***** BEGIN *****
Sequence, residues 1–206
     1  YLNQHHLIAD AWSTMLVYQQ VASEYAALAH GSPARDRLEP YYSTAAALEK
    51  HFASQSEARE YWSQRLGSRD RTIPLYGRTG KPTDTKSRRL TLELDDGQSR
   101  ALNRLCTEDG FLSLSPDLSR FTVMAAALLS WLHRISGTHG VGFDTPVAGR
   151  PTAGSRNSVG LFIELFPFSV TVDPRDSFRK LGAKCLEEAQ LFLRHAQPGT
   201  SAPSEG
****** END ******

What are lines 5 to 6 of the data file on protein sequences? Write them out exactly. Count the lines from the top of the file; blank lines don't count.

   151  PTAGSRNSVG LFIELFPFSV TVDPRDSFRK LGAKCLEEAQ LFLRHAQPGT
   201  SAPSEG